Drug price changes typically happen either at the start of the calendar year or the beginning of the third quarter. Such changes are routine for many companies, but Pfizer took an unusual step this week by rolling back scheduled price increases on 40 of its drugs.
The change of plan happened after Pfizer (NYSE: PFE) CEO Ian Read spoke by phone with President Trump, according to Reuters. An unnamed source told the news service that the president said on the call the price hikes threw a wrench in his administration’s plans to tackle drug prices. In May, Trump and Health and Human Services Secretary Alex Azar unveiled a “blueprint” plan to rein in the rising cost of prescription drugs.
Consumers might want to refrain from applauding Pfizer’s actions, however, because the price rollback is temporary. Pfizer merely deferred the increases until the end of the year, or when the president’s blueprint takes effect—whichever comes first, Reuters reported. Sen. Ron Wyden (D-OR) expressed concerns about a “secret, sweetheart deal,” and he wrote a letter to HHS calling on the Trump administration and Pfizer to release details of the call. Meanwhile, other drug companies seem content to let Pfizer stay in the spotlight as they quietly press ahead with their own planned price increases. A Bloomberg analysis found 10 biopharma companies raised prices on at least 20 brand name drugs in the first 10 days of July. The analysis found that the price of one drug spiked more than 700 percent.
In other news this week, a drug for a rare blood disease is on its way to the FDA, yet another pharma giant pulled out of antibiotics R&D, and a competitor emerged for an FDA-approved treatment for a form of epilepsy. Let’s get to those stories and more in this week’s roundup of the top biotech and pharma headlines.
STUDIES & CLINICAL TRIALS
—Acceleron Pharma (NASDAQ: XLRN) and partner Celgene (NASDAQ: CELG) reported success for their drug, luspatercept, in a late-stage study testing it in patients who have the rare blood disorder beta-thalassemia. Based on the results, the companies say they plan to file for FDA approval in the first half of 2019.
—An experimental drug from Emeryville, CA-based Zogenix (NASDAQ: ZGNX) succeeded in the second of two Phase 3 trials for a rare form of epilepsy called Dravet Syndrome. The drug, ZX008, could soon compete with GW Pharmaceuticals’ (NASDAQ: GWPH) marijuana derivative cannabidiol (Elpidiolex), which the FDA just approved for Dravet patients in June.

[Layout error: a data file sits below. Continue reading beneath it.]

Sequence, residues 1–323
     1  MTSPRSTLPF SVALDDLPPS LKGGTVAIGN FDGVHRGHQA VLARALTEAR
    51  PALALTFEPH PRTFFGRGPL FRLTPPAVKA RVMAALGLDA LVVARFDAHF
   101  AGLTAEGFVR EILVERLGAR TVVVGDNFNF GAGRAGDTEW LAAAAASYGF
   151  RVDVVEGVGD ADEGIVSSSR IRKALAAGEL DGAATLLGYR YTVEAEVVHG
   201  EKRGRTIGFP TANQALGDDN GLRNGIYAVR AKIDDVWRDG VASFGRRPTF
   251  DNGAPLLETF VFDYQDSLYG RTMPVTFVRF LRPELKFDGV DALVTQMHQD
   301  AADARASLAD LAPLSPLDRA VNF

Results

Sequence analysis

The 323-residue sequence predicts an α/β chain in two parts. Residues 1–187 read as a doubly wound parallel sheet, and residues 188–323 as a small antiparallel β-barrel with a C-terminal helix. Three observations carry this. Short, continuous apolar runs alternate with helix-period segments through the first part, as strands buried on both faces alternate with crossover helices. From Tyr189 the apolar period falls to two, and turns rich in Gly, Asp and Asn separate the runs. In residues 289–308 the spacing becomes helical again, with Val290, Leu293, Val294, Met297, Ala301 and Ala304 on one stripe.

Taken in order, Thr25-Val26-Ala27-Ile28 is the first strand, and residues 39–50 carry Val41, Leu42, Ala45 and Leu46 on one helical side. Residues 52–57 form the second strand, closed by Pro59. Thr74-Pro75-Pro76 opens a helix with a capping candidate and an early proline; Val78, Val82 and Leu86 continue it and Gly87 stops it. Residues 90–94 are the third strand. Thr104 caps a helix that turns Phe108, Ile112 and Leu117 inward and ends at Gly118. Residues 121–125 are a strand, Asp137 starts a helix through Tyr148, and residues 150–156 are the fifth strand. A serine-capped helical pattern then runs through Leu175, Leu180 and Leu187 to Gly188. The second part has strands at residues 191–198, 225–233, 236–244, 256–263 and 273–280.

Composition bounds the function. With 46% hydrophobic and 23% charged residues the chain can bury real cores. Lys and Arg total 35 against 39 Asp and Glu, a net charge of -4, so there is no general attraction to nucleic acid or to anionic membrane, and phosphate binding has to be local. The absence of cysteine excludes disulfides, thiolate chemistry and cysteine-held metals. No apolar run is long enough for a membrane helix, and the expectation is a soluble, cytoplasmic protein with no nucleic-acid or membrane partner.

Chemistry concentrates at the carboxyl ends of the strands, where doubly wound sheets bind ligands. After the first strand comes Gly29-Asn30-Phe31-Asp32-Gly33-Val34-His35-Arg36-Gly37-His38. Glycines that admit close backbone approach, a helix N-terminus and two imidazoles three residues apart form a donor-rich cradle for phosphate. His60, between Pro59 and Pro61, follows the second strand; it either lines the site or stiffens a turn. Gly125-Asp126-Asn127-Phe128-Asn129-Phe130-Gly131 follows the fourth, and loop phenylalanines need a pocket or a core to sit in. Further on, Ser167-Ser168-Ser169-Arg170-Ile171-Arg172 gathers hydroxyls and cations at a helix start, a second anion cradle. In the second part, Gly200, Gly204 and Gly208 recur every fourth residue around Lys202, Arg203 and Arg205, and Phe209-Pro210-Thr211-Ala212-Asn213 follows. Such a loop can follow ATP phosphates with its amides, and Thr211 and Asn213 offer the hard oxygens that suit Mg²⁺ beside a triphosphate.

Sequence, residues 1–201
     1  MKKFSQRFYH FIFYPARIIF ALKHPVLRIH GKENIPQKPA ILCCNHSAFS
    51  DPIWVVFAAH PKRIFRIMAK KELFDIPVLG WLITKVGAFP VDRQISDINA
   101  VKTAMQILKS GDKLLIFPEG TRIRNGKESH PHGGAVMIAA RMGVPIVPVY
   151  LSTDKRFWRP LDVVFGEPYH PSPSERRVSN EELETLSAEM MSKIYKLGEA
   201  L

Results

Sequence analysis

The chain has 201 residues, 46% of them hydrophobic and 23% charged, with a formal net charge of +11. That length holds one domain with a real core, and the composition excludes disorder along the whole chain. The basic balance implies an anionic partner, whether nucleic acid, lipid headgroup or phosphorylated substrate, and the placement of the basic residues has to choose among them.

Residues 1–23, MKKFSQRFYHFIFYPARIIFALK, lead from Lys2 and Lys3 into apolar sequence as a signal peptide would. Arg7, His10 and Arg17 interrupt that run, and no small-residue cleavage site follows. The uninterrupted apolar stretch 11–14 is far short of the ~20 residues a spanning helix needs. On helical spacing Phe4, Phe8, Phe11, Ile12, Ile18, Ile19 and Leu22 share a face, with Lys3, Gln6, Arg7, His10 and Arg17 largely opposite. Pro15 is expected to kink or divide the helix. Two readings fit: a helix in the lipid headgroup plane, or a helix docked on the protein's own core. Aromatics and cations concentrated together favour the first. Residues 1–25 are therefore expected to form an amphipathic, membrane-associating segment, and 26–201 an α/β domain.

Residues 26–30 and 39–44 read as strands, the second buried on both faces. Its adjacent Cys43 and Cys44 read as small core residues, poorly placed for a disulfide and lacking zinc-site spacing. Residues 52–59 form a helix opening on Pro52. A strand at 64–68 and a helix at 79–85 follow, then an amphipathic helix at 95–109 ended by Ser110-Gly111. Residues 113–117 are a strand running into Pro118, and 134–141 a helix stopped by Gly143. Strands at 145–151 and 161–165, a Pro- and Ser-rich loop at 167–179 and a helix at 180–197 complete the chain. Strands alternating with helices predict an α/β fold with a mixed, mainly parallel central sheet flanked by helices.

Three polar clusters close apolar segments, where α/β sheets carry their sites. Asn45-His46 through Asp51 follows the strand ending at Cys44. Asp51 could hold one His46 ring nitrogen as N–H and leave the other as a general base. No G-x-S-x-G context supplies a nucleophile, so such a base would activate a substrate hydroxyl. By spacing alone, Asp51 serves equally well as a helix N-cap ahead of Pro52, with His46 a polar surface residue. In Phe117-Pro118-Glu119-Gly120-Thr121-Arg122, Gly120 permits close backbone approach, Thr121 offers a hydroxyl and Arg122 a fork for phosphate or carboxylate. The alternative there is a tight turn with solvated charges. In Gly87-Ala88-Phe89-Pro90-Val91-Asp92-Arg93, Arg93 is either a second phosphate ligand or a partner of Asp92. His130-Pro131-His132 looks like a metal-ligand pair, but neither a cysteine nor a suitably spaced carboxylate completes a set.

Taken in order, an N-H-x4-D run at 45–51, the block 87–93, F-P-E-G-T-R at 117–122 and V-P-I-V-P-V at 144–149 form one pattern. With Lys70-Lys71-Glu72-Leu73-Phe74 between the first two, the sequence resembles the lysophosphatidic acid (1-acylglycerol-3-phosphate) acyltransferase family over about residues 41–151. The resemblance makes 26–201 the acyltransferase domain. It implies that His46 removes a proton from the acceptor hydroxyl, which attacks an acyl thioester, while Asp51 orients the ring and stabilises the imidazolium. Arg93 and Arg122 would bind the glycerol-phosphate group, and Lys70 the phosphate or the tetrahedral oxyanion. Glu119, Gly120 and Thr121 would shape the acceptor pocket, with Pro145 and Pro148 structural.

—Non-Hodgkin lymphoma drug pixantrone (Pixuvri) failed a late-stage study, threatening the conditional approval that CTI BioPharma (NASDAQ: CTIC) had received for the treatment in Europe and casting doubt on its prospects with the FDA.
—Seven months after Alzheimer’s disease drug BAN2401 failed a 12-month Phase 2 study, partners Biogen (NASDAQ: BIIB) and Eisai reported new, encouraging data following 18 months of treatment at the highest dose. Those results will formally be presented later this month at the Alzheimer’s Association International Conference in Chicago.
—Researchers at the University of California, San Francisco have developed new CRISPR gene-editing technology that doesn’t require virus-based methods to engineer human T cells. They say the technique, published in Nature, could produce T-cell therapeutics faster, cheaper, and make the cells more versatile. Here’s more from The New York Times.
—Science Translational Medicine published data from a mid-stage trial showing an experimental drug from resTORbio’s (NASDAQ: TORC) reduced the frequency of all infections, including lung infections, in patients over 65 years old. resTORbio is running a second Phase 2 trial of the drug, RTB101, with results expected later this year.
—European Union regulators approved inotersen (Tegsedi) to treat the rare genetic disease transthyretin amyloidosis. Inotersen, from Akcea Therapeutics (NASDAQ: AKCA), and rival drug patisiran, from Alnylam Pharmaceuticals (NASDAQ: ALNY), face FDA approval decisions in coming months.
—Pfizer will reorganize into three divisions and split off its consumer healthcare business, which the New York company has been trying to sell for some time.
—Despite government programs to encourage new antibiotic development, Novartis (NYSE: NVS) is exiting the anti-infective business and cutting 140 jobs in the Bay Area. The move comes two years after the company issued a “call to action” to combat drug-resistant “superbugs.”
DOLLARS & DEALS
—Antibody drug developer Visterra of Waltham, MA, agreed to be acquired by Otsuka Pharmaceutical for $430 million in cash.
—Durham, NC-based BioCryst Pharmaceuticals (NASDAQ: BCRX) terminated merger plans with Idera Pharmaceuticals (NASDAQ: IDRA) after its shareholders overwhelmingly voted down the plan.
—Dermavant Sciences of Durham, is paying GlaxoSmithKline (NYSE: GSK) £150 million upfront and potentially £100 million more for rights to tapinarof, an experimental drug to treat psoriasis and atopic dermatitis.
—Compass Therapeutics of Cambridge, MA, nabbed a final tranche of its $132 million Series A round, which has been three years in the making.
—Vaccinex, of Rochester, NY, filed the paperwork for an IPO to finance research and development of its lead antibody drug as a treatment for both lung cancer and Huntington’s disease. Meanwhile, Renaissance Capital counts five biotech IPOs expected to price next week.
FROM THE BELTWAY
—The FDA released a broad set of guidelines for the nascent gene therapy sector, with specific guidance for hemophilia, rare disease, and retinal disorders. The six documents include clinical trial design, manufacturing issues, and other technical recommendations. Regulatory Focus has an overview of the FDA’s documents here.
—This week we profiled the Xconomy Awards startup finalists, a crop that includes developers of microbiome drugs, gene therapies, cell therapies, and more.
Ben Fidler and Alex Lash contributed to this report.